The Book Stall

Taylor's Encylopedia of Garden Plants

Taylor's Encyclopedia of Garden Plants
edited by Frances Tenenbaum 
Houghton Mifflin, 2003

Unlike other encyclopedias that become dated due to political, social and scientific changes, the Taylor's Encyclopedia of Garden Plants is sure to stand the test of time as probably the most complete and authoritative guide to ornamental flowers, trees and shrubs in North American gardens. The information in this text will be as accurate and as valuable at the end of this century as it is today. Its pages will yellow and its cover will wear out before there is much change in the nature of the 1,000 species covered here.

What's not included, except for a few fruit trees, are the edible herbs and vegetables. Look for those in some of Taylor's other publications, such as Taylor's Guide to Herbs or Taylor's Guide to Heirloom Vegetables.

The editors of this enyclopedia, chiefly Frances Tenenbaum, selected for "desirable plants for American gardens" when deciding which plants to include in the volume.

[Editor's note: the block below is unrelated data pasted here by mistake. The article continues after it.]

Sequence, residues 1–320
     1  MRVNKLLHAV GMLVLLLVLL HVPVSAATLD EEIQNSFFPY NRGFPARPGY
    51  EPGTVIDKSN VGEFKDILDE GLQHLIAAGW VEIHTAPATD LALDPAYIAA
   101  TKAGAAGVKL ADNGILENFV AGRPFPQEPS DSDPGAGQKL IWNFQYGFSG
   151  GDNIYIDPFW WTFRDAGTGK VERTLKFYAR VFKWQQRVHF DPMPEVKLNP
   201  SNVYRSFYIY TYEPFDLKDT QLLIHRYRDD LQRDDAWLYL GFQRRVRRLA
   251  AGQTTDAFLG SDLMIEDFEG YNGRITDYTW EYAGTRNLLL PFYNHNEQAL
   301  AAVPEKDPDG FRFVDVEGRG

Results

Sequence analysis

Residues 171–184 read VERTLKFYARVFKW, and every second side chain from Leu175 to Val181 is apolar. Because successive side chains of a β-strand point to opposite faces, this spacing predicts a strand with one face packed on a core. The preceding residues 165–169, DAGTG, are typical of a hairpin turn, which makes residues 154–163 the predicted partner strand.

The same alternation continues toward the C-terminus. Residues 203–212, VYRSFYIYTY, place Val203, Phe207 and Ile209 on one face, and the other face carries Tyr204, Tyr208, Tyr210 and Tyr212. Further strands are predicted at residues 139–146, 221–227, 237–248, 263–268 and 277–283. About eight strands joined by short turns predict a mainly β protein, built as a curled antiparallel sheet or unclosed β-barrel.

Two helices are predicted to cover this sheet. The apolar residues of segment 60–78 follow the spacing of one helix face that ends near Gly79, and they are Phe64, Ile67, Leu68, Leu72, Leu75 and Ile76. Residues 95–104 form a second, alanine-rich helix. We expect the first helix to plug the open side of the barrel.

"Some plants are not recommended for home gardens because thye are invasive," Tenenbaum explains, "but deciding which ones to eliminate turned out to be a rather complicated issue A handsome perennial like purple loosestrife does not appear in this book because the plants are such rampant invaders of wetlands that some states actually ban them; even the supposedly sterile cultivars have been found to set seeds."

The more than 1,000 plants included in the encyclopedia are listed alphabetically by botanical name, from Abelia (honeysuckles) to Zinnia. Most listings include a description of the plant, tips on growing it successfully, and some background on related cultivars and similar species. A Common Name Index is included in the back of the book along with a glossary and an illustrated guide to propogating plants.

Back to the Book Stall

Taylor's Encyclopedia of Garden Plants 


Punica granatum
p gran-AY-tum Pomegranate
Upright, slightly rounded in hat, with most popular varieties about 10 feet tall and wide or slightly narrower. The glossy oblong leaves may be bronzed when new, chartreuse in autumn. The species has orange-red funnel-shaped flowers with five crinkled lobes, first appearing in mid- to late summer and continuing into fall. That's when the round, edible, yellow-brown fruits (sometimes shades of red) begin developing, up to 5 inches in diameter. P. g. var. nana gets only 3 feet tall.; 'Wonderful' has a fountainlike habit with red fruit. Zones 8 to 10.

Advertise Here

Visit the Booths
Market Entrance
Reviews Archive
Search the Market
Lease a Booth
Book Search
Buy Direct Directory
Farmer's Market Online
Copyright © 2012 Outrider News Service. All rights reserved.